The Hyuga Forestry Office is conducting a test harvest of Chinese fir in the Hitoyoshi company-owned forest in Kumamoto prefecture. This test monitors aspects that include the reduction in weeding and tolerance against elements like wild animals through growth surveys and other research to examine the potential as a new tree species for garden vegetation. We have been considering introduction into some of our businesses as of fiscal 2018.

In addition, Sumitomo forestry is also advancing the implementation of plans for test harvesting these fast-growing trees with the Forest and Landscape Research Center.

Raning poles

Ranging poles

Launch of “FRD” Forestry Roadway Design Support System

Forests in Japan often have insufficient roads or strip roads in place which prevent smooth management of forests and transport of the timber that is harvested. Currently, when constructing roads or strip roads in forests, lines are drawn by hand over a paper topographical map before visiting the site to see if that plan for the road network can be executed as is. This process of examination is usually done over and over again. The work to create these line drawn plans as well as check and verify the site rely heavily on individual intuition and experience as well as cost a vast amount of time and labor.

This software takes advantage of precise topographical data obtained from aerial laser and other measurements to design forestry road networks such as forest roads and strip roads. The main feature is a function for automatic design able to automatically create the line drawings by inputting the site of departure and destination in the operation screen. This feature creates low-cost line drawn plans based on parameters, including requirements such as longitudinal slope and the curvature radius, width, and operation costs specified in advance. In addition, the software packs more features than necessary for the job, such as allowing the design of safety lines that reflect areas which should be avoided due to potential collapse and other circumstances when creating a plan. The on-site exploration of the line drawn plans for roadways designed in the software offers efficient on-site verification.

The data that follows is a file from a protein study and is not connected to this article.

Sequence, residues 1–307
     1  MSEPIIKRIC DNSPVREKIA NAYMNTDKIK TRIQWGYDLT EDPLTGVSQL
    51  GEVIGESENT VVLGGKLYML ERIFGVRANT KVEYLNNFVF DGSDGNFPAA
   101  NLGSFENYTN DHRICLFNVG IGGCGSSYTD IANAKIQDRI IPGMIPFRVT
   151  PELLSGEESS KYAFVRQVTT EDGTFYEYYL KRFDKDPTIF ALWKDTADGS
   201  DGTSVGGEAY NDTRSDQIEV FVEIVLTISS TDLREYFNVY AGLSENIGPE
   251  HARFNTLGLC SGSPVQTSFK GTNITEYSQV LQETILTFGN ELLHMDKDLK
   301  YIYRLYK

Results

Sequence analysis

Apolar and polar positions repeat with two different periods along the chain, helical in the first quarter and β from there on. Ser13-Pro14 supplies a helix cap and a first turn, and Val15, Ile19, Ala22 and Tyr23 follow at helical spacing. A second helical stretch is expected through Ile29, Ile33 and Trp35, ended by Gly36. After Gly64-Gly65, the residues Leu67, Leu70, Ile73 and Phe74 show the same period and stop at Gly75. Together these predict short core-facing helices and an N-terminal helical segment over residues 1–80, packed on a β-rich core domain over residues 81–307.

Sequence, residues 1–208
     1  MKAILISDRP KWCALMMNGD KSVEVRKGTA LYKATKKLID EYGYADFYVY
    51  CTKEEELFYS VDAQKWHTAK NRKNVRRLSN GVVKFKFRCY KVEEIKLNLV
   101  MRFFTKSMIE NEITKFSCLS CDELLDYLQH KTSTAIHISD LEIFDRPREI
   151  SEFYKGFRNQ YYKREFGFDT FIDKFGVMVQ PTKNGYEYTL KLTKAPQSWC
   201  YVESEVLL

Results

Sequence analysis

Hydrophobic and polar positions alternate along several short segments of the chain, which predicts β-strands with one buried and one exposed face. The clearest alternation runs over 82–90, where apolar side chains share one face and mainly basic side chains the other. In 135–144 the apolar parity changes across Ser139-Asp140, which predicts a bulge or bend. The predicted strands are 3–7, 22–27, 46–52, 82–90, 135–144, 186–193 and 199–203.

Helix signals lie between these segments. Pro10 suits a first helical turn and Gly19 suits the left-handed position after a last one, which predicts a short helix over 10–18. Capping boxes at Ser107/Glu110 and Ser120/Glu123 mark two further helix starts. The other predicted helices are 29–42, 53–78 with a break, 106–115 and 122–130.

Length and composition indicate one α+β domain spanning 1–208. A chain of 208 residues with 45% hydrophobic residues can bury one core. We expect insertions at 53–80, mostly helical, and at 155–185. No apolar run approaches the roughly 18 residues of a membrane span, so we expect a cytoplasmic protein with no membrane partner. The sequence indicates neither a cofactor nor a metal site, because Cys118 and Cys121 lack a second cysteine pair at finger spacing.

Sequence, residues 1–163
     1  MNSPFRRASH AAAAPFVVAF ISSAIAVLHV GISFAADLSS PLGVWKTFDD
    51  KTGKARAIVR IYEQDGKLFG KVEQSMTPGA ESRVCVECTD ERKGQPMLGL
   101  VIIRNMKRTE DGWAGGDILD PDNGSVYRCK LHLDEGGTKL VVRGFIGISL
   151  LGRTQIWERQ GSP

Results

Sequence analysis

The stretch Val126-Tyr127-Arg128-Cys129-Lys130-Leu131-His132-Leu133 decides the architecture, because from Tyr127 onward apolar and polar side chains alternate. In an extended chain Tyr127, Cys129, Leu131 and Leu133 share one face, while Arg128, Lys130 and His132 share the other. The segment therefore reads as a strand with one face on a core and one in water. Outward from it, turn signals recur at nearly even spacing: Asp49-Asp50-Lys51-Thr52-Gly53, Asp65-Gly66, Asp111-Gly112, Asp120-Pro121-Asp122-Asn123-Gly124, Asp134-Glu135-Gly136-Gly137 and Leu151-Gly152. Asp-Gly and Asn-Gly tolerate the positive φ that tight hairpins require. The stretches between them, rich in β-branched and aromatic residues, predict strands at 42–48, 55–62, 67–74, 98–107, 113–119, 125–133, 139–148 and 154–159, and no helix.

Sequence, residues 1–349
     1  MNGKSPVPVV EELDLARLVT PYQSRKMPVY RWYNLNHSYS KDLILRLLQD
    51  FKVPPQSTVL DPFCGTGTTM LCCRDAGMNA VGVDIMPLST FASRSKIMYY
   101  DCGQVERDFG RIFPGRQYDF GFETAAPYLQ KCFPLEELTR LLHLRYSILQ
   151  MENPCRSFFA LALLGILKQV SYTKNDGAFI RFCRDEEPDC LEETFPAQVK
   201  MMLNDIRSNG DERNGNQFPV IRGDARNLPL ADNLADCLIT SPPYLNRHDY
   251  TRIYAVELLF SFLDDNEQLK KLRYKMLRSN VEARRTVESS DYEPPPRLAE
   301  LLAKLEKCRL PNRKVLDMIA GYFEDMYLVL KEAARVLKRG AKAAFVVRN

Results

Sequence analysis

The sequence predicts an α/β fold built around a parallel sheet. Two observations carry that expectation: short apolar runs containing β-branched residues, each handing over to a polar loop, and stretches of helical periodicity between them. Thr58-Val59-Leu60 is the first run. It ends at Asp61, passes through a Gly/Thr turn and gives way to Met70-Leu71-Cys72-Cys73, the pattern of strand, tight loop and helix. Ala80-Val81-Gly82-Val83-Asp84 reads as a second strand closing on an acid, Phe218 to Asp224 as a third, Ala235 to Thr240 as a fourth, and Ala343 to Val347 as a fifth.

Automatic Design Screen (Image)

Automatic Design Screen (Image)

Spearheading Forest Revitalization and Developing Assist Suits for the Forestry Industry

Sumitomo Forestry exhibited the TABITO-03 prototype at the International Robot Exhibition 2017 to demonstrate the first assist suit for the forestry industry able to reduce muscle of burden by 17%. This consortium is comprised of the Forest Research and Management Organization, ATOUN Inc. and the Nara Institute of Science and Technology. Development is moving forward with the aim of practical implementation by 2025.

The TABITO-03 currently under development has been able to reduce the muscle of burden for forestry workers up to 17%. This is the first time a reduction in the physical load has been broken down into data in the forestry industry. The load on the shoulders and feet of works can also be reduced by wearing this assist suit when carrying heavy loads such as a pack with seedlings or planting tools several dozen kilometers. Forestry workers make their way to worksites by climbing up sudden slopes on mountain routes that zig-zag through the landscape when working in steep mountain forests. Practical applications of the assist suit for the forestry industry would dramatically improve work efficiency in the shortest climbs and descents without worry of exhaustion.

Evaluation of the TABITO-03

Evaluation of the TABITO-03

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CSR